Andrew Stuttaford of National Review Online highlights a critical problem for renewable energy advocates.

It’s no secret that the key problem with solar energy and wind power is intermittency (the sun doesn’t always shine, and the wind doesn’t always blow). That means grids that rely on them will need, at least until scalable storage technologies become feasible and affordable, backup. And the backup itself will need to make economic sense, something easier said than done. That much of the backup in use today is far from squeaky green is further evidence of the muddled thinking that has characterized the drive towards the widespread adoption of renewables.

Writing in the Daily Telegraph, Bryan Leyland looks at the economics of storage. … [I]t doesn’t make pretty reading.

He summarizes his findings as follows:

“Barring some sort of miracle, there is no possibility that a suitable storage technology will be developed in the needed time frame. The present policies of just forcing wind and solar into the market and hoping for a miracle have been memorably and correctly likened to ‘jumping out of an aeroplane without a parachute and hoping that the parachute will be invented, delivered and strapped on in mid air in time to save you before you hit the ground.’”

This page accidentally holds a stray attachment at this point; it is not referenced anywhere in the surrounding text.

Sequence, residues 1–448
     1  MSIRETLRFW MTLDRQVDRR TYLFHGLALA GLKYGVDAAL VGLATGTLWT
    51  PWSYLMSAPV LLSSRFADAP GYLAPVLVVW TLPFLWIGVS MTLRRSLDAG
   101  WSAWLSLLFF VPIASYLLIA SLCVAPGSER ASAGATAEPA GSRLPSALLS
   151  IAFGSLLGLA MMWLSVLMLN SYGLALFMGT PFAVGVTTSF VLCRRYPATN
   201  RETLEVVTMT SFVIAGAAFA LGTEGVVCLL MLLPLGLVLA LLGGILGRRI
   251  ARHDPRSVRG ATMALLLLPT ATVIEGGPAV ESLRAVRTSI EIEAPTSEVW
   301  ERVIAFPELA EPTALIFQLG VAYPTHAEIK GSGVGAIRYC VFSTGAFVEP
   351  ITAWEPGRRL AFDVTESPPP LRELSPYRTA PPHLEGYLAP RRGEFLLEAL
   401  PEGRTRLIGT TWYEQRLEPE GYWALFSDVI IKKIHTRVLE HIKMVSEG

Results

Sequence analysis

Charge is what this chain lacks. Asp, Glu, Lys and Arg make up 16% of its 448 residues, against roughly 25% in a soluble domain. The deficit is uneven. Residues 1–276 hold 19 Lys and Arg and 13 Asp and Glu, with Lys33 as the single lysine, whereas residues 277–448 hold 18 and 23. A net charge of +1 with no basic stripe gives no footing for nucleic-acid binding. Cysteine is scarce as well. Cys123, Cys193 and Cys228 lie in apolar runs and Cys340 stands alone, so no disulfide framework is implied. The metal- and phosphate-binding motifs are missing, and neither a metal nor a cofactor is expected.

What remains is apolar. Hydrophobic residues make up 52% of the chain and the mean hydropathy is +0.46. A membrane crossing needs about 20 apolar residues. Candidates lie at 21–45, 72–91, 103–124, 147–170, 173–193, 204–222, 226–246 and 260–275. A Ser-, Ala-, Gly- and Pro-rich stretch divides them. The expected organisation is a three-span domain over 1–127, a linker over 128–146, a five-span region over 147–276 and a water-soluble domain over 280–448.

Hoping something will turn up is, of course, another hallmark of central planning (at least in those cases when central planners accept that they have not already thought of everything).

Leyland’s conclusion:

“Wind and solar need to be backed up, close to 100 per cent, by some other means of power generation. If that backup is provided by open-cycle gas or worse, coal, net zero will never be achieved: nor anything very close to it.

“There is one technology that can provide a cheap and reliable supply of low-emissions electricity: nuclear power. Interest in nuclear power is increasing as more and more people realise that it is safe and reliable.”